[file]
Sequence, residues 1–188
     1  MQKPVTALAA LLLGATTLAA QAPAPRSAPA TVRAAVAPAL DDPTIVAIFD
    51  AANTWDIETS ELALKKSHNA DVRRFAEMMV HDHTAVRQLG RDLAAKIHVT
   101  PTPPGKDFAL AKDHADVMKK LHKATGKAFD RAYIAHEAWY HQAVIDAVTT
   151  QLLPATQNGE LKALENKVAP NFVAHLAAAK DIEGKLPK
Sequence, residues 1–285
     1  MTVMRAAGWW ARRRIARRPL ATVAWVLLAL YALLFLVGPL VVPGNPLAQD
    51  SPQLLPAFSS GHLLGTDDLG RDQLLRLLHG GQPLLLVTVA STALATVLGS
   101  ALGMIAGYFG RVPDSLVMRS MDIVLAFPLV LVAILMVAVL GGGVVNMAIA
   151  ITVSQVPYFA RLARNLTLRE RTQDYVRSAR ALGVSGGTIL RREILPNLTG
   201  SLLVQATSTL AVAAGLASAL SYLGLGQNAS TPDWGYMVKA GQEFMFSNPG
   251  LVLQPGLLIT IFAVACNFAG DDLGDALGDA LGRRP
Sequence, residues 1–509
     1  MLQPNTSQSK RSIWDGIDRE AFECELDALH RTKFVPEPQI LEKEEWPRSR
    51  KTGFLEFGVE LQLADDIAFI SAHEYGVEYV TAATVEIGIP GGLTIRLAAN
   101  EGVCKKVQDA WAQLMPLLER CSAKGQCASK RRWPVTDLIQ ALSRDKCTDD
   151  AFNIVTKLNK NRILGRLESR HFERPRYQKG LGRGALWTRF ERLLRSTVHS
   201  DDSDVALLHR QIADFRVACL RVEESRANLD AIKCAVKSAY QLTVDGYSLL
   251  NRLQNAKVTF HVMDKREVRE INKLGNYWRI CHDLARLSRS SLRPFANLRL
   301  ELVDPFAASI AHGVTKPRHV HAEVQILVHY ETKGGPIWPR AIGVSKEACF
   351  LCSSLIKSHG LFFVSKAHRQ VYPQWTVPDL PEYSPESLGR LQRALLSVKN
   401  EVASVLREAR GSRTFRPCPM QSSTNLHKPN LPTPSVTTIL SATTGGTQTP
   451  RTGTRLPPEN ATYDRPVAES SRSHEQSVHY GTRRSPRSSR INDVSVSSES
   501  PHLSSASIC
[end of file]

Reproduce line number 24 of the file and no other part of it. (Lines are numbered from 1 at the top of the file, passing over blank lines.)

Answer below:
   501  PHLSSASIC